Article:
To be successful, you must be mentally ready to commit 100% for a whole month – and no cheating!

It’s Day 1! – I started to prep myself for this challenge a little over a week ago, in an effort to get myself emotionally and physically started.

I’m not gonna lie to you. I love my wine. Probably a little too much at times. I have loved it especially at my darkest times, of which there has been plenty since I left the reproductive endocrinologists office on January 11, 2016. The past two years has been….a rollercoaster. They aren’t kidding when they compare life’s twists and turns to that. And Jesus, I hate rollercoasters. I am terrified of the loops, speed and stomach drop feeling you get on it. I’m more of a…slowly tour the amusement park on the tour train rider.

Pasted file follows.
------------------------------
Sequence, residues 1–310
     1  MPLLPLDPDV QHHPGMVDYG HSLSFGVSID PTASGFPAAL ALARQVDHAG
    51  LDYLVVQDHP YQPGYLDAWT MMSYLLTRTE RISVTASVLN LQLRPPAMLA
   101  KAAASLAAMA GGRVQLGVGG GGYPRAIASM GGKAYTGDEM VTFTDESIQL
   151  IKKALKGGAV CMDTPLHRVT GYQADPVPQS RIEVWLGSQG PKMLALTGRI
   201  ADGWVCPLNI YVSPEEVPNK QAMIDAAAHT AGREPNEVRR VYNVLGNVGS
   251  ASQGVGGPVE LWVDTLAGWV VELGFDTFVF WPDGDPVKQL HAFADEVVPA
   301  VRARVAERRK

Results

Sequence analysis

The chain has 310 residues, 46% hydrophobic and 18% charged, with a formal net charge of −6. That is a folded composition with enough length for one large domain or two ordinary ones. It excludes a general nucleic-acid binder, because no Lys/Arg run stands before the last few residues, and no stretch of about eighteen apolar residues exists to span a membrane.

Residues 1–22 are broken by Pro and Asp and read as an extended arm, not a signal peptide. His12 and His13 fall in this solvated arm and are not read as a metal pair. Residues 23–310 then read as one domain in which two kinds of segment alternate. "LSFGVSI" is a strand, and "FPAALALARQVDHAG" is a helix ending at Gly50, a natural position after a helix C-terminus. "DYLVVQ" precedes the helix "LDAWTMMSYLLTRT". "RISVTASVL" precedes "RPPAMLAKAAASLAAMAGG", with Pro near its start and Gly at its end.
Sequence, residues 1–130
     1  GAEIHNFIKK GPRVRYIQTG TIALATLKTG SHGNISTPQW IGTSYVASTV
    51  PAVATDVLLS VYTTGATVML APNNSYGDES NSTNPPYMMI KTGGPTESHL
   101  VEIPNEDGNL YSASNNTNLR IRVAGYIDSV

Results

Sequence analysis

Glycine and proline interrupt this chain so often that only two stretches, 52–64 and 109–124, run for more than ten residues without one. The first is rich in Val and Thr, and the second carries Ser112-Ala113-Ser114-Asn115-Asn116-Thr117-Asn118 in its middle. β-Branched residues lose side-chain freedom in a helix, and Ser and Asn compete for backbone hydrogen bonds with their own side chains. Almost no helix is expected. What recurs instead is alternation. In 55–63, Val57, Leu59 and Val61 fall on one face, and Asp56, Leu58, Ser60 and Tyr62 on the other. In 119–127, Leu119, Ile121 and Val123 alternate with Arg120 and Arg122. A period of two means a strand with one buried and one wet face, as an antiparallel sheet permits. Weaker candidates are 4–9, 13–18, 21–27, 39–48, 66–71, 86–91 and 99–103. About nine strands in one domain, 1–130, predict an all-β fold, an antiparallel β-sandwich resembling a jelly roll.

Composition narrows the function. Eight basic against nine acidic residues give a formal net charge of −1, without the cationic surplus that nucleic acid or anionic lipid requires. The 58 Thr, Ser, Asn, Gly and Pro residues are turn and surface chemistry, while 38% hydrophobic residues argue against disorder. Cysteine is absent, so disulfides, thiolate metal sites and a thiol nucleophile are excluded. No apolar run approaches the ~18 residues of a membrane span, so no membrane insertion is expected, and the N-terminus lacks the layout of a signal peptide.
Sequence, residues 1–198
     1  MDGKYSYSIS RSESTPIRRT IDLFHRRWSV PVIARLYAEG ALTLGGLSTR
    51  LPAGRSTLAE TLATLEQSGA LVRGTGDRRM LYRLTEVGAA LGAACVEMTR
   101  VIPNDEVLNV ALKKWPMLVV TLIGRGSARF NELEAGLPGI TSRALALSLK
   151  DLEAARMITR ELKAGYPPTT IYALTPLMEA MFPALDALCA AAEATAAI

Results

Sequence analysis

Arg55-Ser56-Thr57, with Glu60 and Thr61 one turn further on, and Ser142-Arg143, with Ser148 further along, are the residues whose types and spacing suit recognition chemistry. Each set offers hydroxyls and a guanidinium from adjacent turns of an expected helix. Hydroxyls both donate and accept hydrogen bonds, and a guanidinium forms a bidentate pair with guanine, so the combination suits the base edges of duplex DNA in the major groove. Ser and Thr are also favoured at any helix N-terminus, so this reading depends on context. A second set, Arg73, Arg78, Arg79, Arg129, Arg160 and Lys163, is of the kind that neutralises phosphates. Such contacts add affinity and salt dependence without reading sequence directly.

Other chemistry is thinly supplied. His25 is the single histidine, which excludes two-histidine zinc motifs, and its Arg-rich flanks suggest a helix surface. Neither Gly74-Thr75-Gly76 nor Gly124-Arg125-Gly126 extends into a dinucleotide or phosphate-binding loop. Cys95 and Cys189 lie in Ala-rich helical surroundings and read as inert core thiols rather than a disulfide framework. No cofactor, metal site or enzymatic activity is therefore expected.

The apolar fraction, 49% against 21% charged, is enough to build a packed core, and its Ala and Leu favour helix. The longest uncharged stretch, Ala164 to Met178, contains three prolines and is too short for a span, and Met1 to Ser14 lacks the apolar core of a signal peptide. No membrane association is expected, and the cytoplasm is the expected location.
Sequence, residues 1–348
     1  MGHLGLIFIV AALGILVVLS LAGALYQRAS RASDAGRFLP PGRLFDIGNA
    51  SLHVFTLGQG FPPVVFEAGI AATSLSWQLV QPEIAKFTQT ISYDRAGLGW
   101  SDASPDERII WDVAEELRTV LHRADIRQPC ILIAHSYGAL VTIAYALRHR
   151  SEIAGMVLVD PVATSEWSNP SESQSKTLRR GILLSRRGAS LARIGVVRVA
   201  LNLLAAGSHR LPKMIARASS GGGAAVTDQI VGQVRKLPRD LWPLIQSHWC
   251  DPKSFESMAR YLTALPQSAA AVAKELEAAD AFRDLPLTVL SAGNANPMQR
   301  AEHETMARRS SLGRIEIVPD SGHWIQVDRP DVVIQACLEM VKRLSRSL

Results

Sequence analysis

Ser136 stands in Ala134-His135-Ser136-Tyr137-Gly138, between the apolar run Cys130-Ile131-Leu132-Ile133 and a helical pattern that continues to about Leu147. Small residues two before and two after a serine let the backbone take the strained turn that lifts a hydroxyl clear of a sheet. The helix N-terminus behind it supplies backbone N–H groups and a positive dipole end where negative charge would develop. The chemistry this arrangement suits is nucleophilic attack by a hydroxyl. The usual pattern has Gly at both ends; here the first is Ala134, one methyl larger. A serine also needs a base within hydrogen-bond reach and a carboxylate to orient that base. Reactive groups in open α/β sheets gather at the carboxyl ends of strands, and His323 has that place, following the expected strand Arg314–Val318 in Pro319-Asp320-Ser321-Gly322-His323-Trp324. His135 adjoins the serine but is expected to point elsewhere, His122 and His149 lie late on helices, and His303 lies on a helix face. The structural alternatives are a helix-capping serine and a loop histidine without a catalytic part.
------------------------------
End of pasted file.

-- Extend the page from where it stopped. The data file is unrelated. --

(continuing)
The fact that I even had to question if stopping drinking for a little while was something I could personally handle, was enough for me to challenge myself, and recognize that I didn’t want it to become a problem. Alcohol definitely increases the duration, severity, and number of hot flashes that I get. It also silently disguises the emotions I need to get through in order to accept this diagnosis as a normal part of my life and the person I am. And sure, it’s great to relax after a stressful work week of which I have many or enjoy a few brews for a night out with friends, but I’ve found in the past two years I was seriously just finding reasons to have a few drinks so I didn’t have to think about POF and how it is changing me. It would be 8am and I’m thinking about whether or not I have enough wine left in the bottle to have three glasses later because 1 or 2 wouldn’t be enough to cover the distress I felt throughout the day, wondering how many pregnant bellies I would see, or announcements on Facebook, or whether anyone notices when I have a hot flash and look like I’ve had an allergic reaction. I usually have bad headaches in the morning, and more easily obtainable hangovers than I had in my 20s. And one of my oddest and new discoveries to date – the skin around all of my tattoos raises when I got a hot flash from drinking. I have plenty of good reasons to cut back. It’s been 9 days without any alcohol and I feel great about that. It’s a lot easier than I thought, actually. Easier than the coffee and sugar so far.